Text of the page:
What is the significance of Red color in India ?
Red is a very auspicious color in Indian culture. From the red saree that the bride wears on her wedding day to the red bangles, red sindoor that married Hindu women put in the parting of hair red is everywhere. A wedding invitation card is not considered complete unless it’s colored red on the corners. In some parts of India housewives will make rangoli of white color in front of their doors but on festivals like Sakranthi they will make a special rangoli with Red as the central color. Grand-moms call their favorite grandson “Mera Lal” meaning my son but if you translate literally it means my red, a lot of people will have Lal as their middle name again meaning Red. So you see a there is a lot of symbolism in color red for Hindus.
Sisters tie a red thread on the right wrist of brothers during the festival of Raksha Bandhan, this simple red thread is the most beautiful bond man has ever created. Though now more colorful versions are available for Rakhis but the original was a simple red thread, also used in every single Hindu religious ceremony.
A red tilak ( a small tapering red mark) on the forehead of a man is for wishing him good luck in a war or day-to-day life in modern context, a red dot on the forehead of women is her symbol of being married, along with red sindoor in the partition of her hair just above forehead. On any auspicious occasion like marriage or any puja ( prayer), red rose petals and rice grains with a sprinkling of vermilion are showered to signify purity and continuity of health and wealth.
But these are more of folklore and the real understanding of the importance of Red Color in India started at the time when the earliest scriptures were written by Vedic Sages. Rig Veda talks about that the Chariot of Sun is pulled by 7 horses, and we all know that the Sunlight is a composite of 7 colors of Rainbow. Do you remember learning names of colors of Rainbow using formula
making red the foundation of all colors, and as per Chandrasekhar limit, a star at the end of its life evolves into a Red Giant before becoming a white dwarf.
The word for Red and Blood is same in Sanskrit Rakta, as blood is the elixir of life in our bodies hence divine. Here Rakta or Blood red does not signify violence but it signifies the divine and life-giving properties of blood or color red. No wonder that those who are healthy irrespective of their race or color have a reddish glow on their face, due to the abundance of Iron in their blood.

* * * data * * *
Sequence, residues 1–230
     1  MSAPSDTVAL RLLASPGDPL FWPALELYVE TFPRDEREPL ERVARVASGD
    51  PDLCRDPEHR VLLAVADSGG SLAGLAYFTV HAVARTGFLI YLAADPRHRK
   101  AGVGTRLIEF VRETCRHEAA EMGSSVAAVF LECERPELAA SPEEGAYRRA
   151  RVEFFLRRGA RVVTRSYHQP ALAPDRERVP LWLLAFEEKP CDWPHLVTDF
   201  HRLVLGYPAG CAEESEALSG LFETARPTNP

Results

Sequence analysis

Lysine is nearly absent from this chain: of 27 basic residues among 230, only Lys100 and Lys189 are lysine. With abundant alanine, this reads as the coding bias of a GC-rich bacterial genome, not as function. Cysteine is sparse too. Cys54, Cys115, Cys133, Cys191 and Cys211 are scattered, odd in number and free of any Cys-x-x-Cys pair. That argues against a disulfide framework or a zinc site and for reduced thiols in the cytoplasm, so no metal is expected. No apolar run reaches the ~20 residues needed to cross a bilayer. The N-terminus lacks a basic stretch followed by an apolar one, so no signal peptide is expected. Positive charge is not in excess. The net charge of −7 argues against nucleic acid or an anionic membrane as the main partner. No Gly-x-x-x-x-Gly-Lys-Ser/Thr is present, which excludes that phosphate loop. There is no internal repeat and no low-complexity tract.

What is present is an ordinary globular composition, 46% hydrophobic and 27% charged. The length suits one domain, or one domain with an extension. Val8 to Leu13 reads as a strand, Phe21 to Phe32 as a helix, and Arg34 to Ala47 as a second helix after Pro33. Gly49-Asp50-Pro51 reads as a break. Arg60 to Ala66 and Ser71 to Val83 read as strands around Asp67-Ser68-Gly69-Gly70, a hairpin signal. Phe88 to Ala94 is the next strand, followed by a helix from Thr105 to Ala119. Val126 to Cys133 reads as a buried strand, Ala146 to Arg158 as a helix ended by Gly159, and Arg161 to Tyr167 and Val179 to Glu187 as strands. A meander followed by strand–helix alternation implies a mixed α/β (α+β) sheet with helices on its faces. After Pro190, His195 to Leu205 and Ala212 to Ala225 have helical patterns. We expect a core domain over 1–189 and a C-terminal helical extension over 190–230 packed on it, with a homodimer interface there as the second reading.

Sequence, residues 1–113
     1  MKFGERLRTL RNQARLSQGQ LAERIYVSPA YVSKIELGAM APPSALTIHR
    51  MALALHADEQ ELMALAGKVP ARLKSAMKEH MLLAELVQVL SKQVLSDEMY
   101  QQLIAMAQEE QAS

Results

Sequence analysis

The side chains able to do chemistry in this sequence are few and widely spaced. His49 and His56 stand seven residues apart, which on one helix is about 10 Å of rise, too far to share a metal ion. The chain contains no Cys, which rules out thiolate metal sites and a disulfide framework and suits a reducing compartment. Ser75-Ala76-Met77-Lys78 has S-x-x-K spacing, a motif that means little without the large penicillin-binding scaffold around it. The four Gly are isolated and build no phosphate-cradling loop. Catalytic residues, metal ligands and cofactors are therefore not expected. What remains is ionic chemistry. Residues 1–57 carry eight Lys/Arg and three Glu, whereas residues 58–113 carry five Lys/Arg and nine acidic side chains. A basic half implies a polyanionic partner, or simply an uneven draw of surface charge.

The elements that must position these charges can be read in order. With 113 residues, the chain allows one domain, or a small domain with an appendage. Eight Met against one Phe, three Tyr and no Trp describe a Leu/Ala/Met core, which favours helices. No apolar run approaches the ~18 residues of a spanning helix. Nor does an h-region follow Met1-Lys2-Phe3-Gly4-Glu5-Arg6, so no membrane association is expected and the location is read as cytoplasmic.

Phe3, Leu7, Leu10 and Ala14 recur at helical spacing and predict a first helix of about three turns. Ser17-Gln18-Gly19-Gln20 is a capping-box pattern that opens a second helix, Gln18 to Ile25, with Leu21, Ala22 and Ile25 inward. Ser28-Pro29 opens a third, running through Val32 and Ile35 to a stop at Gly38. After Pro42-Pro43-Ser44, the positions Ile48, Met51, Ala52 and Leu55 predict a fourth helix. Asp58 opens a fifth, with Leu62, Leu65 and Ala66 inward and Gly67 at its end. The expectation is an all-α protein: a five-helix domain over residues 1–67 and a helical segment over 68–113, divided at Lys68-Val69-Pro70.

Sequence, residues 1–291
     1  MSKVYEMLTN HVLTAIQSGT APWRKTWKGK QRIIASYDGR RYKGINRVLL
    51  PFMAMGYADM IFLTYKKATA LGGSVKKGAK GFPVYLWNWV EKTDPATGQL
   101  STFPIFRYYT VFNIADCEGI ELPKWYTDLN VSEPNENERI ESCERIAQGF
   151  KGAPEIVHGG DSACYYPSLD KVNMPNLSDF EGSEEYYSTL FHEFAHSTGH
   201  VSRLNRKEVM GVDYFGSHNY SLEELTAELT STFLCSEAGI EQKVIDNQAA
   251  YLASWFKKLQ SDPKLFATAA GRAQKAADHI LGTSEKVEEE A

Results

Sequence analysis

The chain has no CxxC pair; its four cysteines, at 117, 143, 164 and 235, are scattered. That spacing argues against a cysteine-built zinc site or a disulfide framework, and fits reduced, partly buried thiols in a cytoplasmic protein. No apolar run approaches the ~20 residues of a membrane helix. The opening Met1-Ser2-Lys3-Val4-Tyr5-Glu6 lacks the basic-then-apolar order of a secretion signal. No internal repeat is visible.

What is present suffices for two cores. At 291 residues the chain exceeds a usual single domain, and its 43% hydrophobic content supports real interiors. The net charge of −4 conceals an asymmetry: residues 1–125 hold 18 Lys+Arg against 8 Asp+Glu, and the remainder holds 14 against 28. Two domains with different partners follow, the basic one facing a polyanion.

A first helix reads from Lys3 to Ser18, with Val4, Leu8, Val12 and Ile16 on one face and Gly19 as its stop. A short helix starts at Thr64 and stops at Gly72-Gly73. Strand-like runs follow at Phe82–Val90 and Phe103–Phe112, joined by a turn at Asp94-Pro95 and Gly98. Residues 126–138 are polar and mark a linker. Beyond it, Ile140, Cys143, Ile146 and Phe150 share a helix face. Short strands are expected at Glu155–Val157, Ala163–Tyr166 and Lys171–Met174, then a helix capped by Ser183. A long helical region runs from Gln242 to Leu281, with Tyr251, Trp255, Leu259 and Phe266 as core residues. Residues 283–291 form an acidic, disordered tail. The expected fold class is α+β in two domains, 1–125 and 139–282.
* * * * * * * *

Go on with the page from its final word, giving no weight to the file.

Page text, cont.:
There are other references to Color red in our early scriptures:
Prana Pratistha Dhyanam: Raktambhodhistha Potollasadaruna
प्राणप्रतिष्ठा ध्यानम् – रक्तांभोधिस्थ पोतोल्लसदरुण
( Here the author is offering Salutations to the Devi ( Mother Goddess ) of Prana Shakti Who abides on a red ocean wearing red clothes which shine like the red color of the morning sun) Basically red is considered the color of life and originating directly from the Sun. ( source )
Red is also considered as the eternal color as per this shloka below:
उदये सविता रक्तः रक्तश्चास्तमये तथा
सम्पत्तौ च विपत्तौ च महतामेकरूपता
udaye savitaa raktaH raktashchaastamaye tathaa
sampattau cha vipattau cha mahataamekarUpataa
Meaning of the subhAShita:
Sun ( Savitaa) is red as he rises, he is red even as he sets. Similarly, great minds will be composed in happiness as well as in sadness… ( Source )
Gods like Ganesha who is the first among gods to be invoked before any new beginning and Hanuman who is the original Superman in any culture are smeared red with Vermilion to show the divine power they have and bless the devotees.
Here is a shloka celebrating the red complexion of Ganesha and also describing his Elephant head, sharp teeth, large belly somebody who is perfect and respected by all gods.
गजवदनमचिन्त्यं तीक्ष्णदंष्ट्रं त्रिनेत्रं
बृहदुदरमशेषं भूतिराजं पुराणम् ।
अमरवर-सुपूज्यं रक्तवर्णं सुरेशं
पशुपतिसुतमीशं विघ्नराजं नमामि ॥ 13 ॥
Elephant-faced, beyond thought, sharp teethed, three eyed,
large bellied, the perfect one, the king of the riches, the ancient
one, the one to be respected by all the gods, with a red complexion, the
lord of the gods, son of Shiva (the lord of life), ruler over obstacles;
I bow to you. ( source )
Red is the color of divine, depicting divine energy that flows from the Sun to each one of us on planet earth.
Here in this picture taken during the Bonalu festival, this woman is carrying a pot on her head with food made for gods to be offered during the festival. I was a little hesitant to take her picture as it is not considered culturally correct in India to click pictures of women without permission. But as they say, lady luck was smiling at me; she saw me adjusting my camera with a question mark on my face and smiled spontaneously slightly nodding her head as if assenting to be photographed. Thanks a lot, lady, may god bless you. That was my signal to click. I also removed colors from other people and background from the picture as I was trying to learn selective coloring.
So I hope you liked reading about the significance of red color in Hindu religion and culture. If I have missed anything please feel free to add to the comments section.
So you see the significance and psychology of red color are very different in India, especially among Hindus compared to western culture. Oh yes, you still have to stop at a Red light on Indian roads, well at least the law says so. How many of you my desi brothers/sisters stop at Red Light? You need to visit India if you are not an Indian to find out the same.
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